First, the state of California banned them in restaurants.

Then, Seattle became the first major U.S. city to ban plastic straws as well as plastic utensils.

And then corporations jumped on the bandwagon, with companies like Starbucks, Aramark, and American Airlines all vowing to stop offering plastic straws to their customers.

Even then-New England Patriots quarterback Tom Brady got in on the act, showing off his new, reusable metal straw. Paper alternatives popped up in restaurants all over the country.

Suddenly, avoiding plastic straws was en vogue.

Packaging in focus

But straws were just the beginning. In the years since, the debate over straws has led to additional conversations about all of the other plastic products that punctuate modern life.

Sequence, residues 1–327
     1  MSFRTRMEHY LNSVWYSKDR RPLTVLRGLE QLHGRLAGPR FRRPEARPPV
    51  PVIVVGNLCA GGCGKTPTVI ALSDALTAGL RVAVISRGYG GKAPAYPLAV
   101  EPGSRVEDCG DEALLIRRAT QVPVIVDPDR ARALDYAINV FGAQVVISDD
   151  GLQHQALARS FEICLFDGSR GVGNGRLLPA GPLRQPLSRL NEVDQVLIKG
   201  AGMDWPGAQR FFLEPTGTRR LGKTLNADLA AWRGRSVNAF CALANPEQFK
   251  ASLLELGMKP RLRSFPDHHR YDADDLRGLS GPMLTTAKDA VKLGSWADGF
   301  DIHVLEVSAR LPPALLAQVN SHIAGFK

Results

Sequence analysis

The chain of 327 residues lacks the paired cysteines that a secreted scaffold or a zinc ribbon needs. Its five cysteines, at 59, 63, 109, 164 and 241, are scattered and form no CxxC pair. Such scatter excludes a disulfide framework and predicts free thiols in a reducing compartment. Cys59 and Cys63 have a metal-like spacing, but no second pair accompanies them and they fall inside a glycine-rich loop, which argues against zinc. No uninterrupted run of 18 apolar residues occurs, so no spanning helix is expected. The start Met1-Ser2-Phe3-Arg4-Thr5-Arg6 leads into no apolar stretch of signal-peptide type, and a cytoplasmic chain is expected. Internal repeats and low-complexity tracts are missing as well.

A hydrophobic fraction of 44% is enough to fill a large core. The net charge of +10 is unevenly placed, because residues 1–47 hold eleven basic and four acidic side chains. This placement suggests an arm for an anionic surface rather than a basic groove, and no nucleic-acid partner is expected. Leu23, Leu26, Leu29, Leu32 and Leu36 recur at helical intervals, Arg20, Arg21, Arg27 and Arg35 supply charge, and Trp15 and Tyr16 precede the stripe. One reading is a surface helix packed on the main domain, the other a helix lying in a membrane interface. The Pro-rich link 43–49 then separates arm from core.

In fact, plastic straws aren’t even the worst offenders in this group. Food wrappers account for about 31% of all plastic pollution, followed by plastic bottles and container caps at 15.5%, and plastic bags at 11.2%. Plastic straws and stirrers only account for 8.1%.

University of Georgia professor Dr. Jenna Jambeck has calculated that, as of 2010, nearly 8 million metric tons of plastic were ending up in the world’s oceans and coastlines each year. This is approximately 25% of the 35 million tons of plastic pollution produced globally every year.

According to a 2017 study out of the University of California, Santa Cruz, 91% of the plastic that we use – for straws, utensils, packaging and everything else – is not recycled.

As plastics break down in the ocean, they become harmful microplastics that are ingested by aquatic life, disrupting their development.

This fact is leading a number of municipalities to ban the use of disposable plastic bags outright, with the state of New York adopting such a ban this year, following a similar ban in California from 2016. That ban has resulted in a 72% decrease in the number of plastic bags being recovered during cleanup efforts in the Golden State.